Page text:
The Social Justice You Don’t Hear About
Social Justice is justice usually sought for at a distance. Supporting social justice involves advocating for equal rights for various groups and classes within a society. Ideally, it is motivated by a desire that a society provide conditions that allow all men and women to flourish.
But let’s face it: justice is much more comfortable when done at a distance. It is much easier to offer support – vocal, legislative, or financial – for justice at the collective, ideological, and faceless level. It is much more difficult to be consistently “just” to those we encounter on a regular basis.
Fyodor Dostoevsky reminds us of this difficulty in The Brothers Karamazov. At one point Ivan Karamazov says to his brother Alyosha, “I could never understand how one can love one’s neighbors. It’s just one’s neighbors, to my mind, that one can’t love, though one might love those who live at a distance.” In another scene, Father Zossima recalls a doctor once saying to him, “The more I love humanity in general, the less I love man in particular.”
The classic definition of justice is “rendering to each his due.” Justice presupposes that people have something “due” to them – that they have rights – and that we have knowledge of what is due to them and act accordingly. Theoretically, the better we know someone, the more likely we are to know exactly what is due to him or her. Humans have general needs, but they are also unique, and only those closest to individual men and women can know the particularities of what is and is not good for them.
It is both tragic and ironic, then, that we are less likely to be just to those around us. This has likely always been the case. It is said that “familiarity breeds contempt.” Familiarity also seems to breed injustice, as we are more likely to let down our guards with those we interact with frequently. These injustices with the familiar take familiar forms: saying unkind words to parents, losing our patience with our children, failing to return a friend’s phone call. It takes a lot of energy to exercise justice toward familiar faces with regularity – at least, at first. It is much easier for us to muster our forces of justice for the occasional stranger or distant object of charity.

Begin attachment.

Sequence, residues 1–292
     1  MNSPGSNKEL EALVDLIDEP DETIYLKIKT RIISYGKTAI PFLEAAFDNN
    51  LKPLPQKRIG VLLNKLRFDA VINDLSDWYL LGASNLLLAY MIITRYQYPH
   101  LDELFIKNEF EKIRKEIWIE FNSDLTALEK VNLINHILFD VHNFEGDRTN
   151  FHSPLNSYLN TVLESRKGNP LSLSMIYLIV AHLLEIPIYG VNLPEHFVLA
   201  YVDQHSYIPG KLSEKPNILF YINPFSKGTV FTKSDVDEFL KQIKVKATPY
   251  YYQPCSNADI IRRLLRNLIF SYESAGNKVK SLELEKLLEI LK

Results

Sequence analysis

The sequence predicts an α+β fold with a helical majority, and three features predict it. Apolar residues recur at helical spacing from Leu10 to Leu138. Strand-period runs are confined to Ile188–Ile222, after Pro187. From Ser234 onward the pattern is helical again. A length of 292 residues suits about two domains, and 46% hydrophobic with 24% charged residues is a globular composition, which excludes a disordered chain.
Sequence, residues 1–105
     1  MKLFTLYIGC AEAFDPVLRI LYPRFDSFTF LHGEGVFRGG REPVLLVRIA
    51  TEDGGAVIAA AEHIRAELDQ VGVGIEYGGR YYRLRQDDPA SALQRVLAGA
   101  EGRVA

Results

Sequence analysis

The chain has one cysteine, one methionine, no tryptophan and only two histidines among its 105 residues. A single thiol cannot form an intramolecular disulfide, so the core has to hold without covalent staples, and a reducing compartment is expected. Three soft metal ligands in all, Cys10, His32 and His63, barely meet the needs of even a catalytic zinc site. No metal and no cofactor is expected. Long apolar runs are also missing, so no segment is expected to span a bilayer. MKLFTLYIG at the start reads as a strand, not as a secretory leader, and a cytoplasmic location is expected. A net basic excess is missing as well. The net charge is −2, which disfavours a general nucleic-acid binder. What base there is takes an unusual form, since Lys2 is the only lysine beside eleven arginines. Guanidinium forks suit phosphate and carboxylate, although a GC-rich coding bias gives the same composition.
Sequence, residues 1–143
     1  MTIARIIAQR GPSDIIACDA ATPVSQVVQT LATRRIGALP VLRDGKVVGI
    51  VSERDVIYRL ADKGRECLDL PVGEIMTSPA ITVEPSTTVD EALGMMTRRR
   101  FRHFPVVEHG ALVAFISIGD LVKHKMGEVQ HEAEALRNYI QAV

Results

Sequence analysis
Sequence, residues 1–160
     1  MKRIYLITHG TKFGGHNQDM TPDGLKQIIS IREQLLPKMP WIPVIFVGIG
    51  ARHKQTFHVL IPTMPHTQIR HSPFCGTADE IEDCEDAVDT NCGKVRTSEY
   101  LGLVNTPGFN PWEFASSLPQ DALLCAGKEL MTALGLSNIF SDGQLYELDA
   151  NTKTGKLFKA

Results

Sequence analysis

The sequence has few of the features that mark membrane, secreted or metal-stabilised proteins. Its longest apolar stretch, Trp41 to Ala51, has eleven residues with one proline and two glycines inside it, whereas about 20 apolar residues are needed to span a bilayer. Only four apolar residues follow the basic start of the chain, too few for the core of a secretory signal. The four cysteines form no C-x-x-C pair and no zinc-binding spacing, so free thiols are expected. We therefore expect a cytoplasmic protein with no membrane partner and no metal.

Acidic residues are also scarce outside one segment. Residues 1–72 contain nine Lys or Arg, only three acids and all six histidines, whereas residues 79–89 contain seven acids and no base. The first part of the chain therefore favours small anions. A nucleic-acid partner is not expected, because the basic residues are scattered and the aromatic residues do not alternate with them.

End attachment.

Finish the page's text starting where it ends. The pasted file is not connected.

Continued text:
But the atomization of society has seemingly made things worse. For much of human history, men and women have primarily identified themselves by their family, friends, and local community. Now, however, Americans primarily define themselves as individuals in relation to the larger society. As a result, the traditional relationships of family, friends, and community appear more dispensable, and we are less likely to worry about committing injustices within them.
Thus, social justice at a distance appears to be flourishing today. One can scarcely open a newspaper with seeing various calls for more freedom, equality, and rights for various groups. But justice at the more proximate levels appears to be suffering as evidenced by the decline and separation of the nuclear family and our impoverished notion of friendship.
The rub is that the justice of the larger society is a reflection of the justice that its members exercise toward one another on a daily basis. Social justice from afar is good, but only if complemented by acts of justice that are up close and personal. In other words, continue to strive for social justice, but don’t forget to be socially just to those around you, as well.